WB Owen Shieh delivered the following keynote address at our Lodge Leaders Retreat on March 19th. WB Owen is the current Worshipful Master of Honolulu Lodge.
Grand Lodge Officers, fellow Worshipful Masters, Wardens, Deacons, Brethren, and Ladies… Thank you for your hospitality here in Washington and for inviting me here to speak and enjoy fellowship with you all. On behalf of the brethren of Honolulu Lodge, I say, “Aloha!”
I’d like to speak with you this evening about something we all care deeply about… something that I know strikes a positive chord in all of us deep down, because we wouldn’t be here this weekend were it not for this shared experience. I would like to talk about Freemasonry as a journey – a journey not only through our fraternity as an organization, but one of finding personal growth and meaning in an otherwise complex world.
We can spend countless hours discussing the logistics of running a lodge, debating how best to address membership retention, talking about the history and purpose of our fraternity… but the
only guarantee for the future success of our fraternity rests with one word: inspiration. The one thing that must underlie everything that we do as leaders of our respective lodges is to inspire future generations of Masons to contribute their talents to our fraternity. One way to ignite such inspiration among our brethren is to actively consider Masonry as a journey.
Perhaps Brother Antoine de Saint-Exupery captured this idea best when he said the following: “If you want to build a ship, don’t herd people together to collect wood and don’t assign them tasks and work, but rather, teach them to long for the endless immensity of the sea.”
I think our brethren and ladies here in this room who are teachers can relate to this easily… Students who want to learn end up learning much more than students who feel forced to do so.
In many ways, this is why Masons in general have the rule of not recruiting, in the hopes that those who knock on our doors are motivated by a higher purpose. BUT, that can’t just be it! Effective lodge leadership requires that we actively inspire our brethren to care about the journey or voyage ahead, to “long for the endless immensity of the sea” of Masonic knowledge and fellowship. Once we do that, then everything else, including membership retention, education, charity, and all other activities will happen much more naturally.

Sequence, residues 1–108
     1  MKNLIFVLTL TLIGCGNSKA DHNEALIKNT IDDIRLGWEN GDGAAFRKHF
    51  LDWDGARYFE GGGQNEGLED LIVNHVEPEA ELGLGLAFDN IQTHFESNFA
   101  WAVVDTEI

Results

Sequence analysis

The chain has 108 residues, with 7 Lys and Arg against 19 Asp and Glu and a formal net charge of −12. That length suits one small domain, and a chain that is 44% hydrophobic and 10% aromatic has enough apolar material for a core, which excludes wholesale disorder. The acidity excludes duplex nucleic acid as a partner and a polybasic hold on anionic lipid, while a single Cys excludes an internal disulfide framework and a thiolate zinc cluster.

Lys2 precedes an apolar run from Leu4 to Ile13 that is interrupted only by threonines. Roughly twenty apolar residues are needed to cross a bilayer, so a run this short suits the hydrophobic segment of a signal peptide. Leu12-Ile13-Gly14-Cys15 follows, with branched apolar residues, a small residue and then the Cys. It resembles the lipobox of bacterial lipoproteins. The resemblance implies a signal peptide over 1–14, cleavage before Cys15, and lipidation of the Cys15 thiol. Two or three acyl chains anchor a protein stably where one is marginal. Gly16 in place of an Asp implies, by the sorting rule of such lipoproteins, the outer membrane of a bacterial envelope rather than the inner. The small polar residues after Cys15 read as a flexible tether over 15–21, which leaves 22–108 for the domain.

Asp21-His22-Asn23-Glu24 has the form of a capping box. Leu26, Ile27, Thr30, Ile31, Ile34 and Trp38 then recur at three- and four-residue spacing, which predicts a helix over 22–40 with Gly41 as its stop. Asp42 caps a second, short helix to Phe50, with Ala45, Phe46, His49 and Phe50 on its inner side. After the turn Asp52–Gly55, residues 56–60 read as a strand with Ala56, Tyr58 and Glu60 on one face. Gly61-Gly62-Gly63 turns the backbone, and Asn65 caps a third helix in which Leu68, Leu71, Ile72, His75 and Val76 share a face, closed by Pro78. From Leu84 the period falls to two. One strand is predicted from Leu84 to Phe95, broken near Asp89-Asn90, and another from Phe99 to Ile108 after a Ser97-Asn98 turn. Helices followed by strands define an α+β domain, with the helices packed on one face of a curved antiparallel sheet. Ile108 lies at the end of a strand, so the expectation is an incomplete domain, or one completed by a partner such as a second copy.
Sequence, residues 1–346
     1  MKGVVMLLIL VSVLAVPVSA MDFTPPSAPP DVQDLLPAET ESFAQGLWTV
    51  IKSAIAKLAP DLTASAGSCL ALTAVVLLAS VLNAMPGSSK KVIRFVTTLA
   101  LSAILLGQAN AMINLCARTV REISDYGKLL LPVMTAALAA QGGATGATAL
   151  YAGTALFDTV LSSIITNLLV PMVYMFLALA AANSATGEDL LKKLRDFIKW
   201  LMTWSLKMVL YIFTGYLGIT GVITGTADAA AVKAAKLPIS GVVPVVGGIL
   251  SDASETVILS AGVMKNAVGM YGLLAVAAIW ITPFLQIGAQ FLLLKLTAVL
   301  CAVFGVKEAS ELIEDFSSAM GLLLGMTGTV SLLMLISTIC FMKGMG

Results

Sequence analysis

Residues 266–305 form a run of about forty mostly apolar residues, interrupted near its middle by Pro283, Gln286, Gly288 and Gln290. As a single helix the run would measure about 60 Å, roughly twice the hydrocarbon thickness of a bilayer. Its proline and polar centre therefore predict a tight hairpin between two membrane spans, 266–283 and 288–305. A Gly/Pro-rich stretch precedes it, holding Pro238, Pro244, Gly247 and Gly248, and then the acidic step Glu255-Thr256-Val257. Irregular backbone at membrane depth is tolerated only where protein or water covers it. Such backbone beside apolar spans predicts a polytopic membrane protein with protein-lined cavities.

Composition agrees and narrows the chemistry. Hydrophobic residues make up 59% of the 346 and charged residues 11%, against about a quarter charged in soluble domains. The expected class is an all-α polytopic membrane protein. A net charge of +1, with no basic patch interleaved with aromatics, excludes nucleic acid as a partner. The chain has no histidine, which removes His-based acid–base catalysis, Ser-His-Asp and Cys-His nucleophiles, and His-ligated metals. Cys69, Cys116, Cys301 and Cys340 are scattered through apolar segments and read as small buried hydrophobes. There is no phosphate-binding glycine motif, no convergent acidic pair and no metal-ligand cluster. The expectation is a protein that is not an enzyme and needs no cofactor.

So, what is a journey? Simply put, a journey is an activity where you go from one place to another. Journeys can be physical, or they can be more abstract and philosophical. Masonry is both. It is a journey to the East within the officer’s line, but more importantly, it is a journey of self-improvement, of fellowship, and toward the attainment of wisdom or as it is sometimes called: enlightenment.
If you think about the greatest journeys of all time… Whether it is Odysseus’ long voyage home after the Trojan War, or Brothers Lewis and Clark’s expedition across the American West, or Brother Buzz Aldrin’s trip to the moon …or Luke Skywalker’s quest to save the Jedi… They all have the same components:
1) First, the main character meets an abrupt change or transformation that forces him outside his comfort zone. He may have an expectation of what is to come, but he is also ready for surprises along the way.
2) Second, he meets many difficult challenges over a period of time that tests his mental and physical limits.
3) Third, he endures, perseveres, and overcomes those challenges and becomes a “hero.” He learns about the people and places along the way as well as his own responses to each of the unique challenges. As a result, he learns about himself.
4) Finally, he reaches his destination, but the final scene is often a surprise that is unexpected. Yet the journey was fulfilling. It was rewarding in some way.
Without going into the details of our ritual, think about all of our degrees as a whole. Taken together, don’t they all have these four aspects of a journey? Every candidate, before he turns in a petition to join your lodge, has an idea or expectation for what Masonry is or should be. We all know that Masons first become Masons in our hearts, so how well we as lodge leaders can identify and fulfill the expectations of our incoming brethren will determine the future success of our lodges. So pull your candidates aside and ask, “What inspired you to become a Mason?” Everyone has a story. Effective mentoring of a brother cannot begin until the mentor understands the story of his mentee. If our new members are to cross the vast sea of Masonic wisdom, then mentorship is that boat that enables the candidate to find his way.